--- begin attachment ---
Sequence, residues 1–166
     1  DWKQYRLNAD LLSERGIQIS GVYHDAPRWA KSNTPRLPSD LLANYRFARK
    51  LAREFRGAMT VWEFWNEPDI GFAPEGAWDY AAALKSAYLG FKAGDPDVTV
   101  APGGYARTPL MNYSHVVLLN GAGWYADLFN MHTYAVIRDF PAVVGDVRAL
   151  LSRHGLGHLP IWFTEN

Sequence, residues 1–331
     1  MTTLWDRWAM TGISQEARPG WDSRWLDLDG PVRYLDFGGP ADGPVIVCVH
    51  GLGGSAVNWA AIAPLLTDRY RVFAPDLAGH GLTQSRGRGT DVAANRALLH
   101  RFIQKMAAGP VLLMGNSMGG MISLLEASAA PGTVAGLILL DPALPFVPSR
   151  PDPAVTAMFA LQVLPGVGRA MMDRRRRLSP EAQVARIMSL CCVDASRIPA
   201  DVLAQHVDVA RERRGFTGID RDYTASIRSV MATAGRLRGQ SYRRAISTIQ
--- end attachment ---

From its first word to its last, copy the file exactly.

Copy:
Sequence, residues 1–166
     1  DWKQYRLNAD LLSERGIQIS GVYHDAPRWA KSNTPRLPSD LLANYRFARK
    51  LAREFRGAMT VWEFWNEPDI GFAPEGAWDY AAALKSAYLG FKAGDPDVTV
   101  APGGYARTPL MNYSHVVLLN GAGWYADLFN MHTYAVIRDF PAVVGDVRAL
   151  LSRHGLGHLP IWFTEN

Sequence, residues 1–331
     1  MTTLWDRWAM TGISQEARPG WDSRWLDLDG PVRYLDFGGP ADGPVIVCVH
    51  GLGGSAVNWA AIAPLLTDRY RVFAPDLAGH GLTQSRGRGT DVAANRALLH
   101  RFIQKMAAGP VLLMGNSMGG MISLLEASAA PGTVAGLILL DPALPFVPSR
   151  PDPAVTAMFA LQVLPGVGRA MMDRRRRLSP EAQVARIMSL CCVDASRIPA
   201  DVLAQHVDVA RERRGFTGID RDYTASIRSV MATAGRLRGQ SYRRAISTIQ